Gold coins are one of the staples of precious metals. They have been around for as long as history has been recorded, and they are still incredibly valuable to this day. Gold coins, unlike bullion, have many unique and interesting elements that seperate one item from the next.
An issue from the United States will not at all be the same thing as a coin from China. Whether it be the metal content, the design, rarity or something else, there is something unique about each and every type of coin.
As a gold buyer, you will probably end up obtaining coins at one point or another. This could be in an effort to diversify your investments, to start a collection, or a combination of the two.
Gold coins are a very dynamic subject in that they would take years to completely understand. With that having been said, there are plenty of coins that are available and affordable for even the most amateur of buyers.
Types of Gold Coins
Gold coins vary from country to country. One thing that will always hold true with coins, however, is the fact that they are produced exclusively by national governments. The very definition of a coin is an item that can be used as actual currency.
If you look at an American Gold Eagle, for example, you will see that it has a monetary value attached to it. Of course, these items are seldom used in everyday transactions for the simple fact that their gold content value far outweighs the face value.
Below we have linked to full pages describing each gold coin, including their production levels, sizes, purities, face values, popularities, and more. The list is broken up by bullion coins (coins valued primarily for their gold content) and numismatic coins (coins valued more-so for their collectibility).
- American Gold Eagle
- Australian Gold Kangaroo
- Austrian Gold Philharmonic
- Canadian Gold Maple Leaf
- Chinese Gold Panda
- American Gold Buffalo
- Mexican Gold Libertad
- South African Gold Krugerrand
The initial goal of gold coins was for use in currency. Just as you would use nickels and dimes in the US to pay for items, so too would citizens pay for their purchases with gold coins. As time went on and gold no longer backed the paper money that is in use today, eventually the value of the gold within the coins exceeded its utility as normal currency. It wouldn't make sense to pay for a $5 item with a coin that is worth $5 in legal tender, but is valued at several hundred dollars based on the gold content.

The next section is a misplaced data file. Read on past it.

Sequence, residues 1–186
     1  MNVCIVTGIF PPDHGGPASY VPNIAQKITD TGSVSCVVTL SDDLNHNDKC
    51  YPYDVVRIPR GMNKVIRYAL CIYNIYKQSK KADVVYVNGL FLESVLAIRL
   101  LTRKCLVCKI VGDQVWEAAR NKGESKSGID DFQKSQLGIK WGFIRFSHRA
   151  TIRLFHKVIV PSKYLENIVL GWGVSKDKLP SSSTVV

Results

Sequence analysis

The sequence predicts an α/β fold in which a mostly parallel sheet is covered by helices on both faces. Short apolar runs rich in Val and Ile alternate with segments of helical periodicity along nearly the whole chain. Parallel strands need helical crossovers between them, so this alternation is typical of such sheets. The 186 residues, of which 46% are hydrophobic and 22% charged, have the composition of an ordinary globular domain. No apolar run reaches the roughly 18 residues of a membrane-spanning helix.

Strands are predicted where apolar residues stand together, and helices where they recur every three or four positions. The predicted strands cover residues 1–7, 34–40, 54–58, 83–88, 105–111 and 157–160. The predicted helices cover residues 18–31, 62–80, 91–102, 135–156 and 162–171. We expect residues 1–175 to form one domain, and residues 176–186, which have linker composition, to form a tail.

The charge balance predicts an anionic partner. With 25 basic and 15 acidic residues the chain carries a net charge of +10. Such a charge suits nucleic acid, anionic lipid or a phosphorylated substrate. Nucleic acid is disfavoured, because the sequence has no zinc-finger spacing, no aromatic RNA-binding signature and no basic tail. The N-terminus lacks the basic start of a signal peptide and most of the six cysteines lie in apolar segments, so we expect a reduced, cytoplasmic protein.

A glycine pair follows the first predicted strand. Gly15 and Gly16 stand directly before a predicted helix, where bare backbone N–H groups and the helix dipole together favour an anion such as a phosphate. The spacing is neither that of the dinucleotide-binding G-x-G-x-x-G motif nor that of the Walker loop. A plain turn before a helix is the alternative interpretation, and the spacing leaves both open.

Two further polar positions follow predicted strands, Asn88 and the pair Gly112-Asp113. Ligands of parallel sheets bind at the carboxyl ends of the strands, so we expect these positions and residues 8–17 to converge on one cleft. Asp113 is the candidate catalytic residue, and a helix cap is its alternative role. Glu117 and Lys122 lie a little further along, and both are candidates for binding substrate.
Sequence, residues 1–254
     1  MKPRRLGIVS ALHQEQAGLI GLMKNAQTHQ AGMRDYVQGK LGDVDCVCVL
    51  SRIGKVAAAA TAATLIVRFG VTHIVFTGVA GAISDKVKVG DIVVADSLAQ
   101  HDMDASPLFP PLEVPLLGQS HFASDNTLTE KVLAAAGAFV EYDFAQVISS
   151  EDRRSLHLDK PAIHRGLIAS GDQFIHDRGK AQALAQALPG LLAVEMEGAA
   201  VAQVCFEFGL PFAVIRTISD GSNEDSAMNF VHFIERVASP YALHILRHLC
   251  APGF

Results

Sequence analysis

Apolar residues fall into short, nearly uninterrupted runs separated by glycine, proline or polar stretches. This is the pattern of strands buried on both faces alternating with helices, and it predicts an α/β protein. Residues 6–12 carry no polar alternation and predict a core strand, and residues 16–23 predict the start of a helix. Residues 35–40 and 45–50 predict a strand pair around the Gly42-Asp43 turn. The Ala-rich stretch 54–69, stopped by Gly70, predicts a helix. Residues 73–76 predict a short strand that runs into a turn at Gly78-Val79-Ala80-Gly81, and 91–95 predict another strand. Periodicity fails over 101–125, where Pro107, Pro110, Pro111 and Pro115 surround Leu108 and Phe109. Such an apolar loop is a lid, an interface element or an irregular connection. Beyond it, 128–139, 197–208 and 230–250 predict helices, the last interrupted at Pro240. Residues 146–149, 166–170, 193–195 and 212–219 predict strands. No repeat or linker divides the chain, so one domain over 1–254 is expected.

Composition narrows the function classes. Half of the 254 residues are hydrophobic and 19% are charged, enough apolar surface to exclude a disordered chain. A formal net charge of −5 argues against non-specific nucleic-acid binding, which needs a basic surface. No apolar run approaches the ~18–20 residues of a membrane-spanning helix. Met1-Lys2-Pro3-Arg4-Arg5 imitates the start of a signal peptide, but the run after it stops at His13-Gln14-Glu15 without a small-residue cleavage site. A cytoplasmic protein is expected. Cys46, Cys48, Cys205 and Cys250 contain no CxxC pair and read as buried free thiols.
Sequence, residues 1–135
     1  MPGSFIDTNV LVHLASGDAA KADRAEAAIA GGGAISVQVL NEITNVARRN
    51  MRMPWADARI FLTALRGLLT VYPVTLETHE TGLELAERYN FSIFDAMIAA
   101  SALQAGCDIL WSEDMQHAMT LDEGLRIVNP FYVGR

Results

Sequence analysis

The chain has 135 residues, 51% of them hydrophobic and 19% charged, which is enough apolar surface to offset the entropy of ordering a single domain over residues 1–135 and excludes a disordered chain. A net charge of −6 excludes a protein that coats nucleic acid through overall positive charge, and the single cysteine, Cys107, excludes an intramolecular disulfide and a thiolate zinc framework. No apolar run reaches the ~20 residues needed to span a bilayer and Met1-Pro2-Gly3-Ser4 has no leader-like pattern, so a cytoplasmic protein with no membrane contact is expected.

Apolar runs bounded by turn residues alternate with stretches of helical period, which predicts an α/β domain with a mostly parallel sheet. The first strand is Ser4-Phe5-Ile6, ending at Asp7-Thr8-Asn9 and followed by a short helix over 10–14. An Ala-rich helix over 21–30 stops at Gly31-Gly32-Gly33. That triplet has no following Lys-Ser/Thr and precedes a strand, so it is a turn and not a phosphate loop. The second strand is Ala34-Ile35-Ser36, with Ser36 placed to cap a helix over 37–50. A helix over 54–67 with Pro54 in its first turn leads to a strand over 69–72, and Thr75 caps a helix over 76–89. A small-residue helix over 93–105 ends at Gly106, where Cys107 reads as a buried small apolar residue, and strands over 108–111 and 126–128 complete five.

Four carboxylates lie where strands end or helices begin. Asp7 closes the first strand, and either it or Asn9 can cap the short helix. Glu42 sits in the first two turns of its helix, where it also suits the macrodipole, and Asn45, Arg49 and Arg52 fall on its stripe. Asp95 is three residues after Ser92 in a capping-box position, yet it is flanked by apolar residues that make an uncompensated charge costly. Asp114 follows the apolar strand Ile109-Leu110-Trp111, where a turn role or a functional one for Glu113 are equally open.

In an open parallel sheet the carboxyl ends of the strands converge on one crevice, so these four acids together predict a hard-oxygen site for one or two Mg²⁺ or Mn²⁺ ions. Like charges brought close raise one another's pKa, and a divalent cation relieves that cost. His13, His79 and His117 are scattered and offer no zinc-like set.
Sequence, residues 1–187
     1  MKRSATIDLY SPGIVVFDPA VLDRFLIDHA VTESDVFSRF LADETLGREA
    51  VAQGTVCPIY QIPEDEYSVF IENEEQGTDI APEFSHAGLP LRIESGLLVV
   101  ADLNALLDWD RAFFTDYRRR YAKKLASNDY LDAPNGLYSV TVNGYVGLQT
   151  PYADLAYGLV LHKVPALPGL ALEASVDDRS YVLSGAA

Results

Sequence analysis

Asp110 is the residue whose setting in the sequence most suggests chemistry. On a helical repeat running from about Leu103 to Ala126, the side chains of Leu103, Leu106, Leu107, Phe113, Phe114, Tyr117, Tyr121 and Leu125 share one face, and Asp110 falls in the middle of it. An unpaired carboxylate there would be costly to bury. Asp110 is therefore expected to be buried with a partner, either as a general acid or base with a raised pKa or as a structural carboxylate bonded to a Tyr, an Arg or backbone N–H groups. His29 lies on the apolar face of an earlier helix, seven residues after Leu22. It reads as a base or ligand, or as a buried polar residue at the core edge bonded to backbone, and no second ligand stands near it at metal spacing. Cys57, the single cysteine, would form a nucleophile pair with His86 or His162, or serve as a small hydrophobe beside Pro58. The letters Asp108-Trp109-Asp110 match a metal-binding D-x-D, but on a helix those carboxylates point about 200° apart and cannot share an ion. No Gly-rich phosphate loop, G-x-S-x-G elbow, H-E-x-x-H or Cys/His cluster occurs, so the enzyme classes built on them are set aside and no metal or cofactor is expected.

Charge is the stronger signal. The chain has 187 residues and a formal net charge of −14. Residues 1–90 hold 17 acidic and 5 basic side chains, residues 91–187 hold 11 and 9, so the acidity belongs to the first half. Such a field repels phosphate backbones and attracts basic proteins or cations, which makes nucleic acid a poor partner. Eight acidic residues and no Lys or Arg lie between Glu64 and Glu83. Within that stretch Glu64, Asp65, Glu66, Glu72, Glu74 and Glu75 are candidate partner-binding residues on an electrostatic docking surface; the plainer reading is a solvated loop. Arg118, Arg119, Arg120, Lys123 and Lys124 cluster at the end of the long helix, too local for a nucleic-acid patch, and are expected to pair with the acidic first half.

The United States has the most popular and well-known coins of any country or nation. Some of these coins include the Gold Eagle and the Gold Buffalo. Behind the United States are a number of different countries that span multiple continents, all the way from North America (Canada) all the way to Africa, Asia, and Australia.
The coin names that you might already recognize include the Canadian Maple Leaf, Chinese Panda, and Australian Kangaroo. Mexico and countries like South Africa are noted for their coins, but they are produced in lower quantities and are not as widespread as the more common coins listed above.
Factors in Value of Coins
Each type of coin will cost a slightly different amount than the next. This could mean that one Maple Leaf costs more from 1998 than the same coin from 1986, or that a Chinese Panda costs more than an American Eagle. The reasons for this are both simple and complex.
The inherent and real rarity of a coin will play the absolute biggest role in determining its pricing. For example, a common uncirculated American Eagle coin is available in the millions, while one of the earliest Chinese Panda Proofs was only minted in the thousands. Needless to say, the Panda coin is going to cost a lot more.
Condition is one of the elements in coin pricing that most everyone, even those new to coins, is familiar with. A coin that has remained untouched will generally be worth more than a coin that was actively handled as currency for several years. The newer that the coin is, the easier that it will be to find in prime condition. As a result, old coins often times have significant premiums when found in good condition because of their scarcity.
Uncirculated Gold Coins
Uncirculated gold coins are the most common coins on the market. An uncirculated coin is the most basis coin minted each year. Most countries release hundreds of thousands if not millions of their coins each year in this fashion. What an uncirculated coin means is that the item was handled, but not put into circulation along with other paper money and coins. They are most frequently produced and then shipped in tubes containing 20 coins each.